He said that when he was prefect of the Congregation for the Doctrine of the Faith, he asked several bishops’ conferences and experts to study the problem, which in effect was “a sacrament celebrated without faith.”

He said he had thought that the church marriage could be considered invalid because the faith of the couple celebrating the sacrament was lacking. “But from the discussions we had, I understood that the problem was very difficult” and that further study was necessary, he said.

— By Carol Glatz Catholic News Service 

2 COMMENTS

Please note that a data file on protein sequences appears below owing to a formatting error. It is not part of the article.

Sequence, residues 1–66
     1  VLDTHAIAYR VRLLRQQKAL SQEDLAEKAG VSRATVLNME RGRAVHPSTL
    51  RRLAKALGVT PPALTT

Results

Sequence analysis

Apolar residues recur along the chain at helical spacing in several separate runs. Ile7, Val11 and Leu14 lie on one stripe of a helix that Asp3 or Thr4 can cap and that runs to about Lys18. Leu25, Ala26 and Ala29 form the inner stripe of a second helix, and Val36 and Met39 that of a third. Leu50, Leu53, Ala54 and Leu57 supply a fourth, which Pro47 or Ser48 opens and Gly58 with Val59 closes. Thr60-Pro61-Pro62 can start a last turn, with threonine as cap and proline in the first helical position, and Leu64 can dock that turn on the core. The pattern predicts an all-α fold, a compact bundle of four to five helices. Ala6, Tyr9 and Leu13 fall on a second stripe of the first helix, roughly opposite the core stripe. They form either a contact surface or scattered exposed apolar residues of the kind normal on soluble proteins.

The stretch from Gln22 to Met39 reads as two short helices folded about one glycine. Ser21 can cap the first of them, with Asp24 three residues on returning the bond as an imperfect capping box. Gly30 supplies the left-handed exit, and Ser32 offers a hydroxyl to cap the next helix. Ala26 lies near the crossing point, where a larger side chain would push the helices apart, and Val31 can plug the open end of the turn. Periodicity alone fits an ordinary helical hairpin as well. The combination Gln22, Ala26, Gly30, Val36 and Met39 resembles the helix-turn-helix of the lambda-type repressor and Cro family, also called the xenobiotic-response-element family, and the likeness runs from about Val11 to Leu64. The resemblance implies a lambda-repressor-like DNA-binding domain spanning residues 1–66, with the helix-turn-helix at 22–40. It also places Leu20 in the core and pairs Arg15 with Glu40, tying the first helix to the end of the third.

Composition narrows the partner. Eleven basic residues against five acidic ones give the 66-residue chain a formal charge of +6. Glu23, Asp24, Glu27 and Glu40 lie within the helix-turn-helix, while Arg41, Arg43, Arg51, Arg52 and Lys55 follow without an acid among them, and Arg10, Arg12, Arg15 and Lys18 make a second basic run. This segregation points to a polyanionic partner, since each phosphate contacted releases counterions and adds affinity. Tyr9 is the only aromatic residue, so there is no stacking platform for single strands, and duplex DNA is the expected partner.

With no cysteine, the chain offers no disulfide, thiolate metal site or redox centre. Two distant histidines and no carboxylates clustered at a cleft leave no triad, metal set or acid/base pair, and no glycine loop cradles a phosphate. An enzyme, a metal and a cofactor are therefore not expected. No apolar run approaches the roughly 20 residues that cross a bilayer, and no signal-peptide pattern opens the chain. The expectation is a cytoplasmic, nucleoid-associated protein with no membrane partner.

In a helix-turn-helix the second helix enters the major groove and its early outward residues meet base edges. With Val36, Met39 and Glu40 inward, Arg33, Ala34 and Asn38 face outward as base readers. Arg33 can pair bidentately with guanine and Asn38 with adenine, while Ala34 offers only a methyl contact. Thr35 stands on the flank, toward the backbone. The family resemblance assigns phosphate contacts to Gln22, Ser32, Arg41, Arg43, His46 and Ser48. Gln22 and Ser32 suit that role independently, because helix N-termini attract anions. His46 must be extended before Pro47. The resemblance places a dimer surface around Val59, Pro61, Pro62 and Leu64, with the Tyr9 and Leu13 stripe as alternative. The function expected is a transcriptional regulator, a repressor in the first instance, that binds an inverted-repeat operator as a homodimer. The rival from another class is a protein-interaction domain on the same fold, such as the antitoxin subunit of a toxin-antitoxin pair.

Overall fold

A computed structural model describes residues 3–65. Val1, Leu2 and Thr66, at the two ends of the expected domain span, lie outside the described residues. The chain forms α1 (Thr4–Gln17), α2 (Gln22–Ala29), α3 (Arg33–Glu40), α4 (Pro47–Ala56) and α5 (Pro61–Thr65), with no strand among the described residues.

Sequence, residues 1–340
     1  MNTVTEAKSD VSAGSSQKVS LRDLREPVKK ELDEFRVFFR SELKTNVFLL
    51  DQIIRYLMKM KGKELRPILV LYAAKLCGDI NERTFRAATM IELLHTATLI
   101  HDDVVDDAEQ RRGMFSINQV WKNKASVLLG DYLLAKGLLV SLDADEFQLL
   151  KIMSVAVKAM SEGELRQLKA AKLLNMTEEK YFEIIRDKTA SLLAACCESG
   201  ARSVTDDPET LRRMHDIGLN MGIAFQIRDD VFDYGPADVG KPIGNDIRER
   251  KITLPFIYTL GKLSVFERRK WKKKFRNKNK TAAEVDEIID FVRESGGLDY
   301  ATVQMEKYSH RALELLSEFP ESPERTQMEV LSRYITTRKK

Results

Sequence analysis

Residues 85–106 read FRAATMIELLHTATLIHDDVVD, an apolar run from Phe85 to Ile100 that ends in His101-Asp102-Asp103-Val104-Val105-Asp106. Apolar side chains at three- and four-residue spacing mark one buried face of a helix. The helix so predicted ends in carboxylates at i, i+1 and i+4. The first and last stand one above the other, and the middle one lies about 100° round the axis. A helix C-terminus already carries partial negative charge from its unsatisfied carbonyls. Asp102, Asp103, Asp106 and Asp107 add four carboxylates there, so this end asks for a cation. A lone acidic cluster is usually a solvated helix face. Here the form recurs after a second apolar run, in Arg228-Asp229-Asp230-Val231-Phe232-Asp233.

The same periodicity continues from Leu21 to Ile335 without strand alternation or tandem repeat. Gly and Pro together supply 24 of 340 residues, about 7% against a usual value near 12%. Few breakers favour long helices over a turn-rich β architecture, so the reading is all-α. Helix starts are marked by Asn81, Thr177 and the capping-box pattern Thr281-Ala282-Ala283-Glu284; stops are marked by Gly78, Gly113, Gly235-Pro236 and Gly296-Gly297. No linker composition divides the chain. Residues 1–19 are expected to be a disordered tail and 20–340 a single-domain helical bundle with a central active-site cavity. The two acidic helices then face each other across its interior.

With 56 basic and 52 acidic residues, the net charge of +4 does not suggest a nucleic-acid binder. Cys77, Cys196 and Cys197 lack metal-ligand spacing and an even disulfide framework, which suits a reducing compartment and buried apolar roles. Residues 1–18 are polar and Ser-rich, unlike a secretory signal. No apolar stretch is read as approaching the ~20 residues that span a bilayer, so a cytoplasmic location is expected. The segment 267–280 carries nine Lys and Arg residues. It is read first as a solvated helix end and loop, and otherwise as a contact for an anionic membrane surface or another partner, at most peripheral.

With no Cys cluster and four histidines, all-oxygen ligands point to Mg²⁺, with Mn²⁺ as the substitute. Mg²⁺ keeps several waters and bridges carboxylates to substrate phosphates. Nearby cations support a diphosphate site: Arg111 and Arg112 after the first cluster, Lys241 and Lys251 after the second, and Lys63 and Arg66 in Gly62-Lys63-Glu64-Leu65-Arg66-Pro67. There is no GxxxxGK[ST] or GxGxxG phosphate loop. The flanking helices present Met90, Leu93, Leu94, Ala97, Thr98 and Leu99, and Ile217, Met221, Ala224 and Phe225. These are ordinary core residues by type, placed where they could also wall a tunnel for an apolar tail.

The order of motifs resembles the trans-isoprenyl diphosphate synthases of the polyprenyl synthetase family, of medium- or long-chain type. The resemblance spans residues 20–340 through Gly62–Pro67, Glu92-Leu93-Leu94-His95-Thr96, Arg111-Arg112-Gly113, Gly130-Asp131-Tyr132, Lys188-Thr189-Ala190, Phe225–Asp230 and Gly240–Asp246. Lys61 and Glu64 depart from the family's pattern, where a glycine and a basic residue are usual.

1. Uhm, last time I checked, divorce was a legal proceeding in this country. It will be interesting to see how this will affect American divorce courts, (who are already overloaded). Because the Pope decides to change the laws for all Catholics, does this mean that American divorce courts have to recognize this as a legitimate argument for divorce? And if so, how would someone go about proving/disproving whether someone was a religious believer? If they type an e-mail today saying they are not a believer but tomorrow claim to have been visited by Jesus Christ overnight, does this mean they are still guilty of a divorceable offense? Regardless of how they have acted, behaved, or what they have written, if they appear before a judge and swear on a Holy Bible that they believe in god, how can you disprove it? Do you try to burn them to see if god protects them? Does the Pope get to decide whethe husbands and wives are religious enough to remain married? People say things in public they don’t mean all the time. If someone swears on a bible that they are a believer, I suspect there is no way to prove otherwise.